Manual of the New Zealand Flora/Sapindaceæ
Order XIX. SAPINDACEÆ.
Trees, shrubs, or woody climbers, rarely herbs. Leaves alternate or more rarely opposite, often compound, exstipulate, seldom stipulate. Flowers regular or irregular, generally unisexual or polygamous; inflorescence very various. Calyx 3–5-lobed or of as many free sepals, divisions often unequal in size, imbricate or valvate. Petals 3–5 or wanting, free, equal or unequal, often bearded or glandular at the base within, imbricate. Disc very various, annular or unilateral, rarely wanting. Stamens 5–10, in the great majority of the order (but not in the New Zealand genera) inserted inside the disc at the base of the ovary, more rarely outside or on the disc, sometimes unilateral; anthers basifixed or versatile, 2-celled. Ovary free, central or excentric, entire lobed or partite, 1–4-celled; style simple or divided, usually terminal; ovules 1–2 in each cell, seldom more. Fruit very various, capsular or indehiscent, dry or succulent, entire or lobed, sometimes winged. Seeds globose or compressed, with or without an aril; albumen wanting or more rarely present; embryo generally thick, sometimes folded or spirally twisted, radicle short, inferior.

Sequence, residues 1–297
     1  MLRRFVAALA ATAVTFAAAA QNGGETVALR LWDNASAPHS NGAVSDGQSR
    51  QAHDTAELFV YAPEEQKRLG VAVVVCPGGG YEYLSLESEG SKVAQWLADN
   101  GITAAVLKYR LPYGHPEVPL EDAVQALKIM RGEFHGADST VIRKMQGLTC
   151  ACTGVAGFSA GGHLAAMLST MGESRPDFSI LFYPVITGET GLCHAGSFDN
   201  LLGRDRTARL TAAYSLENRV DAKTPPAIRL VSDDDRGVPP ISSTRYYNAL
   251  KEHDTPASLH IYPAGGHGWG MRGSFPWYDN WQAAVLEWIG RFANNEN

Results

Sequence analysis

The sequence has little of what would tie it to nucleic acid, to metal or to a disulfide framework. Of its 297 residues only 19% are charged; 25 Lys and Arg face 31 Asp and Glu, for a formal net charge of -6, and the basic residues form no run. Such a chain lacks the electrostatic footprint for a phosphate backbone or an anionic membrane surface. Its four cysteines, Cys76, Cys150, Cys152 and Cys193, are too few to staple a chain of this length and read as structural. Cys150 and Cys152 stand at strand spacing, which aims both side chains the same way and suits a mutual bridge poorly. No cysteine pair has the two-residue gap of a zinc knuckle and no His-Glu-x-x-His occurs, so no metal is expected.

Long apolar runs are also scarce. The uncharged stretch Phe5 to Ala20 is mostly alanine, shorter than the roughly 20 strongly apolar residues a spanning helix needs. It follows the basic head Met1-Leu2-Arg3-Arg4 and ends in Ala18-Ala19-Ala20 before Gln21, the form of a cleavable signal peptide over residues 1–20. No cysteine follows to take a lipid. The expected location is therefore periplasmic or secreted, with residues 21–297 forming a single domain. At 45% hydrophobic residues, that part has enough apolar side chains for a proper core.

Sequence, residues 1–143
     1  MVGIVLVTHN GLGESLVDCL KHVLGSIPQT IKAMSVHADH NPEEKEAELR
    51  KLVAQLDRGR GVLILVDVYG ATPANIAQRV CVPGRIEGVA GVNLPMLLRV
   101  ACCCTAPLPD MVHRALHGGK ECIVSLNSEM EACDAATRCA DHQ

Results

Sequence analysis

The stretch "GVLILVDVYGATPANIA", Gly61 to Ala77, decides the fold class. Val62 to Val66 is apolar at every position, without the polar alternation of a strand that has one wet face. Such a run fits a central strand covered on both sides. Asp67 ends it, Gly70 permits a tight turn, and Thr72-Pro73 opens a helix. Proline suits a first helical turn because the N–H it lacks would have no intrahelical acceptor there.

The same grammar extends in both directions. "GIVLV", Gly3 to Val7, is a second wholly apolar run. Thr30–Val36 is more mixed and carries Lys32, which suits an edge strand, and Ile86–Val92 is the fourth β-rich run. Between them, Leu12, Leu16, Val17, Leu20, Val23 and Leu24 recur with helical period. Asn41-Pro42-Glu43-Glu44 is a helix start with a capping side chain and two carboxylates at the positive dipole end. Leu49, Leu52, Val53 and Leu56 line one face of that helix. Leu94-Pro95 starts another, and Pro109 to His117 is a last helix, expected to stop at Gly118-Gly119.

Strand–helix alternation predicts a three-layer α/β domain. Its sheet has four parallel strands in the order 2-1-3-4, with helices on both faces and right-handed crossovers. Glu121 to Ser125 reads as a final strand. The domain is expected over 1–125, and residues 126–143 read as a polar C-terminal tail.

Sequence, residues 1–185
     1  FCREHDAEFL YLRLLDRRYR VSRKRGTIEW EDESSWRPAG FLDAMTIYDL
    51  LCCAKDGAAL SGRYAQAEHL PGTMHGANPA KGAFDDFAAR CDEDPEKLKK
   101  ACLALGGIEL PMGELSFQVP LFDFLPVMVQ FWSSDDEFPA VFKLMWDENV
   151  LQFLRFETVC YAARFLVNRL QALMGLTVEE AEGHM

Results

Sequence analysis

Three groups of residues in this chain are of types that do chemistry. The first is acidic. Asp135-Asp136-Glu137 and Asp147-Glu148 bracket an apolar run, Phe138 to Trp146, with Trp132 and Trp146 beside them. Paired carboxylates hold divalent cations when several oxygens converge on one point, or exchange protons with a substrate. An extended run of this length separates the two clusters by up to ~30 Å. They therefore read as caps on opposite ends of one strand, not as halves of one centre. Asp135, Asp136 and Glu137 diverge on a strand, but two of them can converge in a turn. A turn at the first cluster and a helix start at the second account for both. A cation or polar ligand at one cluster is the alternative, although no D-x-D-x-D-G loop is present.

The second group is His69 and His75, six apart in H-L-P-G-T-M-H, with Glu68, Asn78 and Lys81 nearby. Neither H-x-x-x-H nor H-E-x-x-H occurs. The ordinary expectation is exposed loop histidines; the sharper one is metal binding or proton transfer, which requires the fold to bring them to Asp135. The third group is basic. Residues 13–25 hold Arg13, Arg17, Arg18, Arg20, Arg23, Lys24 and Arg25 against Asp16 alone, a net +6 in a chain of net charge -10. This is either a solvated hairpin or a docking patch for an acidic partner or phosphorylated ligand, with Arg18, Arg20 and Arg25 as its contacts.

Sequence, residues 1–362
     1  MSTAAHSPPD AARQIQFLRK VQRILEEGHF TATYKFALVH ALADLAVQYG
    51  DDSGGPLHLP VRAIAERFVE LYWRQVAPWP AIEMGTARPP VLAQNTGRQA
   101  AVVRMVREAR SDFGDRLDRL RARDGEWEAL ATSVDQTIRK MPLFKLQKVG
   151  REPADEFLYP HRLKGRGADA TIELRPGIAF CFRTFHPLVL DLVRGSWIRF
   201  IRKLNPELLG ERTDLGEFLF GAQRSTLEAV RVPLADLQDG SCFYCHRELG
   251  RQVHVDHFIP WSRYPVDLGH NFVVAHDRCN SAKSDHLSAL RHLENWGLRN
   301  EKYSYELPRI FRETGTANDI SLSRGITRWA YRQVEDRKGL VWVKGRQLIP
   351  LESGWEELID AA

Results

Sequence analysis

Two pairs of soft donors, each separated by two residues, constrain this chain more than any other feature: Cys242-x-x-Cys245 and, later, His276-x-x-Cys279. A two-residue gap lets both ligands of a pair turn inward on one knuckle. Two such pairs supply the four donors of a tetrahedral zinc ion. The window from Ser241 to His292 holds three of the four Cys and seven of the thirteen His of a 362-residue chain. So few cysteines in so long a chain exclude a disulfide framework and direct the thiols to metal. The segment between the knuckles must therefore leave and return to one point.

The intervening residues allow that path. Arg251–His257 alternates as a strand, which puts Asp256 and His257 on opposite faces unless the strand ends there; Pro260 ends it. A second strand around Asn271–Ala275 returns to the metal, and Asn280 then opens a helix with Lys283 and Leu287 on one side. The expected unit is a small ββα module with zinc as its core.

A polymorphous order, exceedingly difficult to characterize as a whole, and often separated into 3 or 4 distinct ones. As defined above, it comprises about 80 genera and between 600 and 700 species, many of them very imperfectly known. It is chiefly tropical, but extends through both of the temperate zones. The properties of the order are very various. The maples contain a sweetish sap, from which sugar is obtained. Several species of Nephelium, such as the Litchi and Longan, produce some of the most delicious of Asiatic fruits. Many species contain bitter or astringent principles, while others, as some of the American species of Serjania and Paullinia, are reputed to be poisonous. The two genera found in New Zealand belong to the tribe Dodonææ, which has regular flowers, stamens inserted outside the disc (not inside), and exalbuminous seeds. Alectryon is endemic, but Dodonæa is most abundant in Australia, extending also through the tropics of both hemispheres.